In elementary school, my classroom had students with and without disabilities, and we all shared the same space while working towards a common goal, but over time this diverse community diminished. This phenomenon of tracking and hierarchy of opportunity in education that I notice today is also responsible for creating an environment in which secondary special education is often a segregated locale, physically and socially removed from mainstream public schooling. I've witnessed Syracuse University push against this norm and challenge these boundaries time and time again, and I feel that before entering my own my classroom I want to address these issues of homogeneity and continue to build my tool box of inclusionary practices that extend past my current
Preparing regular education teachers to address the diverse needs of children with special needs in inclusive set up.
I also believe that a key element of inclusion is maintaining a close relationship between me and the special education teachers and paraprofessionals that I will be working with. If it is at all possible to work together in one classroom, I believe that this will benefit all my students.
According to the foundations of Inclusion video the three key elements to the best inclusive practice are: access, participation and support. Access is allowing the student to get the education they deserve and making it easier on them. Students with disabilities should be allowed to have recess and go on fieldtrips with other students and teachers should help them accomplish that. Teachers are also encouraged to modify lesson plans so everyone in the classroom understands. Participation helps to make sure the student engages and fully understands what is being taught. Teachers can help with participation by interacting with the student and helping them to understand in different ways other than just speaking with them. Lastly, is support
Students with special needs need deserve the same education general education students are presented with. The philosophy of “ Disability Inclusion” concentrates on creating a safe, loving, and effective learning environment for students who suffer from physical, learning, and behavioral disabilities. When a student with disabilities is placed in the same environment as a non-disabled student, the results show wonderful improvement. When we are able to discover the strength of the student we are able to see just how much the student can improve in an inclusion classroom. Disability Inclusion not only sets a new beginning for an equal education of special education students, but it allows for more interaction with the child, and a more hands-on assessment.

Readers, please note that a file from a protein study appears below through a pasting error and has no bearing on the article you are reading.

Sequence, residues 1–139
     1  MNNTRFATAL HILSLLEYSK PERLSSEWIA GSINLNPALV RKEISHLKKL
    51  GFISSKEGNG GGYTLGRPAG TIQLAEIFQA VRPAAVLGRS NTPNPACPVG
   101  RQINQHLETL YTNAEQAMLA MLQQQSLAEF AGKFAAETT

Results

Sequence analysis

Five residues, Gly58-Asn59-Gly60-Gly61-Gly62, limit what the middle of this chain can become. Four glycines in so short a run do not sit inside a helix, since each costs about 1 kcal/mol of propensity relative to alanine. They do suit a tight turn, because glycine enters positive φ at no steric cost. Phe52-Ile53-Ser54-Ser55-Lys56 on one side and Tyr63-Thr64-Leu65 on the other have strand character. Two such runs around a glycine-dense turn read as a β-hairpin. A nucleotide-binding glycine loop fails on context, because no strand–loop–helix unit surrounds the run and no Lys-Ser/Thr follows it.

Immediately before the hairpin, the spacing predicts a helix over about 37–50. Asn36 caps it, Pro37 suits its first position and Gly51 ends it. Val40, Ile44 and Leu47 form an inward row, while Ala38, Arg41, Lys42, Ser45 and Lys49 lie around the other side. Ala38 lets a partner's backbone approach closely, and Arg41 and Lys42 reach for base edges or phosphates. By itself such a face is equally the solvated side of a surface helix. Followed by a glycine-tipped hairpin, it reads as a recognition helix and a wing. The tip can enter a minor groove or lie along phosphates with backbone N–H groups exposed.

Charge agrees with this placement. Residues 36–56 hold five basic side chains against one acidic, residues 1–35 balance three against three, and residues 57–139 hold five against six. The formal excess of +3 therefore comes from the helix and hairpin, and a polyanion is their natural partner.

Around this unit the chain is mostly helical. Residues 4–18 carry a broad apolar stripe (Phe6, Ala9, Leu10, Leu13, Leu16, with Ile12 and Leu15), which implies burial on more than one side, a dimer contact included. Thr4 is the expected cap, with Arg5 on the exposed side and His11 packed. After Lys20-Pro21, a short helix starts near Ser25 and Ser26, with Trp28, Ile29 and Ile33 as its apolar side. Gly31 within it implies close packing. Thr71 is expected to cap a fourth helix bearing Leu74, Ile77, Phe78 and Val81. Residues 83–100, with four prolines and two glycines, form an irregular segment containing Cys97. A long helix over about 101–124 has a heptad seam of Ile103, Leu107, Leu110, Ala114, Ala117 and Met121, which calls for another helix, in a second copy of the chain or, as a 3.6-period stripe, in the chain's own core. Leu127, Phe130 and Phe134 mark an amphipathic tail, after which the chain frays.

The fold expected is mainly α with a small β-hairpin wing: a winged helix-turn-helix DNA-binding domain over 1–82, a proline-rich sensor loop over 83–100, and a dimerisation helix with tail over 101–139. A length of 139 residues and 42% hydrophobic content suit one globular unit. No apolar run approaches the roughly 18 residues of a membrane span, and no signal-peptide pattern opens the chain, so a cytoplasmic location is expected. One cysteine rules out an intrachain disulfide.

The necessity of education for students throughout the United States and the world continues to grow, making it necessary for teachers in all areas. Though most special education teachers work in public school settings, the need for teachers in residential areas or as tutors in homes or hospital settings still remains ("Teachers-Special Education"). Within the school setting, special educators can take on different roles. Their role may include supporting the general education teacher in the regular education classroom or they may offer resources in a special education setting. The term “inclusion” is often used for special education services offered by supports and accommodations in a regular education classroom with grade level curriculum. “Pull out” services are often in a special education classroom in smaller group settings with academics adjusted to meet their needs. The duties of a special education teacher often combine these responsibilities by determining what will best meet the needs of students.